Peace transcending all understanding

October 14, 2016

in Some Things to Think About

in-tuneSocial media gives us a ringside seat on the ugliness of the American Presidential election. Some of my friends and family are for Hilary and some are for Trump. Generally to keep peace we don’t attack our own family members but that doesn’t apply to the broader contacts who also read our posts. Their comments are sometimes vitriolic. Their argument boils down to “You are stupid for supporting HRC or DT. Can’t you see how awful she / he is.” The implication is that if DT or HRC were to be elected it would mean the end of life as we know it.

What can be done?

Basically nothing. The kinder gentler world we remember (if it really ever existed) will never return. The world of social media is real, and represents how people actually feel and think today. (They probably always felt and thought like this; we just didn’t have a continual window into their minds.) People ARE angry / fearful about the system — and neither liberals or conservatives can do very much to fix it or heal the deep conflicts that exist.

Paul’s lesson in Corinth

Corinth in the 1st century AD was a prosperous, diverse and religiously conflicted Roman city. Much like our current world. There was much debate among Christians about who was right about Jesus. Paul knew this and wrote to them: “When I came to you brothers and sisters, I did not come proclaiming the mystery of God to you in lofty words or wisdom. For I decided to know nothing among you except Jesus Christ, and him crucified.” [1 Corinthians 2: 1-2] He used this argument to point out to them that God worked in them, to create their faith, not Paul or Peter or others. Paul felt “Christ, and him crucified” said everything it was necessary to know about God.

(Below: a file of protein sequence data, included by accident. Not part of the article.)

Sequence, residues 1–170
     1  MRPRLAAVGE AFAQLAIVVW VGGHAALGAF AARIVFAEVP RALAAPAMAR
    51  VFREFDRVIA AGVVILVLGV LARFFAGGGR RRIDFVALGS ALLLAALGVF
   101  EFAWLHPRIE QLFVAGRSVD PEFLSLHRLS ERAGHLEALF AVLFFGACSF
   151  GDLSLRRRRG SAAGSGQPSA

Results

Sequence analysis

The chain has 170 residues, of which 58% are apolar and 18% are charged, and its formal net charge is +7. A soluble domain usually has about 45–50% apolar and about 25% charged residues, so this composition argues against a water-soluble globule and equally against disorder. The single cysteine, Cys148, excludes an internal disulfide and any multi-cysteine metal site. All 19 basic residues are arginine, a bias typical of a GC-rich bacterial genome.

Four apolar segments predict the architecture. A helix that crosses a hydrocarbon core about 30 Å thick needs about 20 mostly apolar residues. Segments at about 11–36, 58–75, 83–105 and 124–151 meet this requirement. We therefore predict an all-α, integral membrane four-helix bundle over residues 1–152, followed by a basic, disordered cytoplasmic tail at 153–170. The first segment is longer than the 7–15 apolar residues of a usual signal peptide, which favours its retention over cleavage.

What might this phrase say to us in the situation we find ourselves in?

Christ is the anointed one of God, his own son. God sent him to be crucified for all of us. How can we respond to each other with the anger we are now showing, knowing this?

You might say, “That person is pro-abortion.” Did Christ not die for them? Are they not entitled to our love, understanding and civility? I could go on but you get the point.

So what is a Christian to do?

Debate is essential to making rational choices. Debate is not win at all costs, including smearing our opponents. So Christians should strive to listen and understand others’ points of view before making up our mind.

But what about “character issues”? Judge a tree by its fruits. The fruit of the Spirit is love, joy, peace, patience, kindness, generosity, faithfulness, gentleness, and self-control.” [Galatians 5:22-23]

Lastly, Christians should remember that God didn’t come in power to transform the system. Jesus came in weakness. We shouldn’t expect political leaders to find solutions to the complex issues of the 21st century. Therefore, we each must practice “bottom-up” transformation, making our family and community more of a loving place.

Next time you read angry comments on Facebook or Twitter, try remembering these things. Spread some of your own peace transcending all understanding around. [Philippians 4:7]



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